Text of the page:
Archive for April, 2010

Stitched with PTgui!!


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To embed your Flickr slide shows simply click the slide show button on your set and copy the url as you see below.  Now just paste that into the body of your post in the VISUAL mode.  Make sure your address includes the word show to work properly.


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Here is a great set of images from my son Tom Schmidt Photography.

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I made a couple loaves for a food shoot and students were asking for the recipe.  Right now I only have the recipe by weight because bakers deal in weight for repeatability.

I found this recipe on the Fresh Loaf and elsewhere. It make a great fast very light ciabatta.

“Jason’s Quick Coccodrillo Ciabatta Bread
This is a formula originally posted on usenet in the great alt.bread.recipes group by Jason Molina all credit to him and the ‘King of Glop’, I’m reposting it here for those that missed it there. I’ve made this quite a few times and it’s always a huge hit. Giant bubbles and a golden crust. Best part is you can do the whole thing in about 4-5 hours. It does not use the traditional stretch/fold method for a ciabatta because it’s so damn wet, the only stretch is the final shaping.
Variaton 1
500g bread flour
475g (~2 cups) water
2 tsp. yeast
15g salt
Varation 2 (Semolina)
350g bread flour
150g semolina flour
475-485g (~2cups) water
2tsp. yeast
15g salt

1. In Kitchen Aid style mixer: Mix all ingredients roughly till combined with paddle, let it rest for 10 minutes.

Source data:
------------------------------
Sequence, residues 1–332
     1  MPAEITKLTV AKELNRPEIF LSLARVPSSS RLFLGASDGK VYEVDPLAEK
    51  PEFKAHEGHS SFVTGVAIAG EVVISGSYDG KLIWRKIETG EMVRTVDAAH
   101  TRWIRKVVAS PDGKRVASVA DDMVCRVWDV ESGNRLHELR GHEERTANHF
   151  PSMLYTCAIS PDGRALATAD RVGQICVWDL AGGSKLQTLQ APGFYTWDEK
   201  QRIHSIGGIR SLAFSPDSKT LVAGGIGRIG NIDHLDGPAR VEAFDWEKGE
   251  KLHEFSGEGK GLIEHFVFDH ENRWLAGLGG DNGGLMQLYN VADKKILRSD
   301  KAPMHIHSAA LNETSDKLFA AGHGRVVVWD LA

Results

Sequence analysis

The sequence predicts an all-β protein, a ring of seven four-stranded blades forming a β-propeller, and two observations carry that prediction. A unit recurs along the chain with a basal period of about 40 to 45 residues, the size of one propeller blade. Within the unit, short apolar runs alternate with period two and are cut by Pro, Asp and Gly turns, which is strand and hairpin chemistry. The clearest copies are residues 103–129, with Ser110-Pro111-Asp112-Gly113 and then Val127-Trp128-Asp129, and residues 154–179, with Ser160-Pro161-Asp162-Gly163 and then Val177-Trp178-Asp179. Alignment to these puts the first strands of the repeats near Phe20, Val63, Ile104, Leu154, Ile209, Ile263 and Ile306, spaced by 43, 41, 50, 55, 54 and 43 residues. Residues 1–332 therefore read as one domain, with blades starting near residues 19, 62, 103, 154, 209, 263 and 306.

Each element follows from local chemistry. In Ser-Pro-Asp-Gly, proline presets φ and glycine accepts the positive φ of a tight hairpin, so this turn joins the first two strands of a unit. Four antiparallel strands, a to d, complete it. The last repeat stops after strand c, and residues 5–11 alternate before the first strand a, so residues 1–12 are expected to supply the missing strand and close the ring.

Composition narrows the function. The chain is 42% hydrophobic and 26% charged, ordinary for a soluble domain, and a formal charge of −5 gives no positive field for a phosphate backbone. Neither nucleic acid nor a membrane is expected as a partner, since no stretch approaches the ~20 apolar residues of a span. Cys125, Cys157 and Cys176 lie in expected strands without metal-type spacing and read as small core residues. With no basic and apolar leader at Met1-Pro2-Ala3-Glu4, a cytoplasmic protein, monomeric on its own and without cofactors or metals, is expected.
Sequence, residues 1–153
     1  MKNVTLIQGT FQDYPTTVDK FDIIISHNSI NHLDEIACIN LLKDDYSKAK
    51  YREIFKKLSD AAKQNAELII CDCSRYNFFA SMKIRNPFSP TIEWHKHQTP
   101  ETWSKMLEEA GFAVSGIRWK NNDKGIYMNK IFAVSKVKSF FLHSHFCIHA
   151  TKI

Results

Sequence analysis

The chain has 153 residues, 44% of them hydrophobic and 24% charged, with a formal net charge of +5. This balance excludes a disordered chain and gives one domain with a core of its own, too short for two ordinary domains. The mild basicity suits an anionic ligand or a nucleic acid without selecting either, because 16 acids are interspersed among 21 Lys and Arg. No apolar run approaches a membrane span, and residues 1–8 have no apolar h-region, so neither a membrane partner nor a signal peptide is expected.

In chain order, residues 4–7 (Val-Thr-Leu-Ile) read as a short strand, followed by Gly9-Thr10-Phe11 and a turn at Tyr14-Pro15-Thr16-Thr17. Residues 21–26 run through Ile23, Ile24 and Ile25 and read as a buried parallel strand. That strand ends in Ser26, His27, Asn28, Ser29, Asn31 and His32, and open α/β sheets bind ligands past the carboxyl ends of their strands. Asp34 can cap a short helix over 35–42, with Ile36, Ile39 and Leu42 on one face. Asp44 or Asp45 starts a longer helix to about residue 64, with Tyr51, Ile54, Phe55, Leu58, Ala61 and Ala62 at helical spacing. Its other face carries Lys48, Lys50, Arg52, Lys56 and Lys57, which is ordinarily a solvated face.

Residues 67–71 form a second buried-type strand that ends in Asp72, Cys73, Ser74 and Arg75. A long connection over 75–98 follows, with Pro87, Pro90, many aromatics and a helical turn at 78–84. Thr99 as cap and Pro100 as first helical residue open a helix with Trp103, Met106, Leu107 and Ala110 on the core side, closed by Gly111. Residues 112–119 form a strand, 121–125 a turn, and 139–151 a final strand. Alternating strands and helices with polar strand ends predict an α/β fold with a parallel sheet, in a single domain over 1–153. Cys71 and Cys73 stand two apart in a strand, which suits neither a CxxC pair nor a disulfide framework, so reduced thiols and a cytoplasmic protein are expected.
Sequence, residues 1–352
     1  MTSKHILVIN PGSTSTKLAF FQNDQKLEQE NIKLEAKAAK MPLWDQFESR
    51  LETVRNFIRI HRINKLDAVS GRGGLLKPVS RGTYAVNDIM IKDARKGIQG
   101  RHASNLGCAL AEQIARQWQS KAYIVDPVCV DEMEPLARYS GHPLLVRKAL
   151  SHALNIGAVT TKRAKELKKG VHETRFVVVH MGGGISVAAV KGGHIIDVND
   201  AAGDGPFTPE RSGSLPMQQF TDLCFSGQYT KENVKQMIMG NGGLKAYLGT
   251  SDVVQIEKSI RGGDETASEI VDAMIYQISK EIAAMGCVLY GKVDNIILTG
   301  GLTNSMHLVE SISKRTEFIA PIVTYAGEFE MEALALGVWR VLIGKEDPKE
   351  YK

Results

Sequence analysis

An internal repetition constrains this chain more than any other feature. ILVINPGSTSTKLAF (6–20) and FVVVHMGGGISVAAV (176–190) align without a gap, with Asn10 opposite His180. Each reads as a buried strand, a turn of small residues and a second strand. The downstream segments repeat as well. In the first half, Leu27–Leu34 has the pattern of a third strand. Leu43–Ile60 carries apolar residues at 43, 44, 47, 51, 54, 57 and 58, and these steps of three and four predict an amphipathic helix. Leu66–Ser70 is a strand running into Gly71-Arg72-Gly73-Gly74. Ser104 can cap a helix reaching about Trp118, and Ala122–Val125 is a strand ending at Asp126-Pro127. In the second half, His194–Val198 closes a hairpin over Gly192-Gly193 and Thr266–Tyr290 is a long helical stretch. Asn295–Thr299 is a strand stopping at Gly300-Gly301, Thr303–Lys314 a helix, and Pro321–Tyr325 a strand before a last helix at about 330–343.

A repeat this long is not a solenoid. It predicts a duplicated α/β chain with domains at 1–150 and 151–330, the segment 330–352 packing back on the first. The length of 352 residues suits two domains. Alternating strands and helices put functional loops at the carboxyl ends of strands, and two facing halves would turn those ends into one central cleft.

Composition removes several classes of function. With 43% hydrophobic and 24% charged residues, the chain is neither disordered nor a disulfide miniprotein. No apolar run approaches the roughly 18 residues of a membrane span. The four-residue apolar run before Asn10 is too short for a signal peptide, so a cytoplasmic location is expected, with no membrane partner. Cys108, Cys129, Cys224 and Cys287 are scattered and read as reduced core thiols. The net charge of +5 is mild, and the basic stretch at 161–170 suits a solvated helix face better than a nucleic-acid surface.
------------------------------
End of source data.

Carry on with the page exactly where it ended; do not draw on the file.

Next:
2. With the paddle (I prefer the hook to prevent the dough from crawling into the guts of the mixer), beat the living hell out of the batter, it will start out like pancake batter but in anywhere from 10 to 30 minutes it will set up and work like a very sticky dough. if it starts climbing too soon, then switch to the hook. You’ll know it’s done when it separates from the side of the bowl and starts to climb up your hook/paddle and just coming off the bottom of the bowl. I mean this literally about the climbing, i once didn’t pay attention and it climbed up my paddle into the greasy inner workings of the mixer. It was not pretty! Anyway, it will definately pass the windowpane test.
3. Place into a well oiled container and let it triple! it must triple! For me this takes about 2.5 hours
4. Empty on to a floured counter (scrape if you must, however you gotta get the gloop out), cut into 3 or 4 peices. Spray with oil and dust with lots o’ flour. Let them proof for about 45 minutes, which gives you enough time to crank that oven up to 500F.
5. After 45 minutes or so the loaves should be puffy and wobbly, now it’s iron fist, velvet glove time. Pick up and stretch into your final ciabatta shape (~10″ oblong rectangle) and flip them upside down (this redistributes the bubbles, so you get even bubbles throughout), and onto parchment or a heavily floured peel. Try to do it in one motion and be gentle, it might look like you’ve ruined them completely, but the oven spring is immense on these things.
6. Bake at 500F until they are 205F in the cnter (about 15-20 minutes), rotating 180 degrees half way through. Some people like to turn the oven down to 450F after 10 minutes, but whatever floats your boat. I usually bake in 2 batches”.

Here is a pic by the poster in The Fresh Loaf

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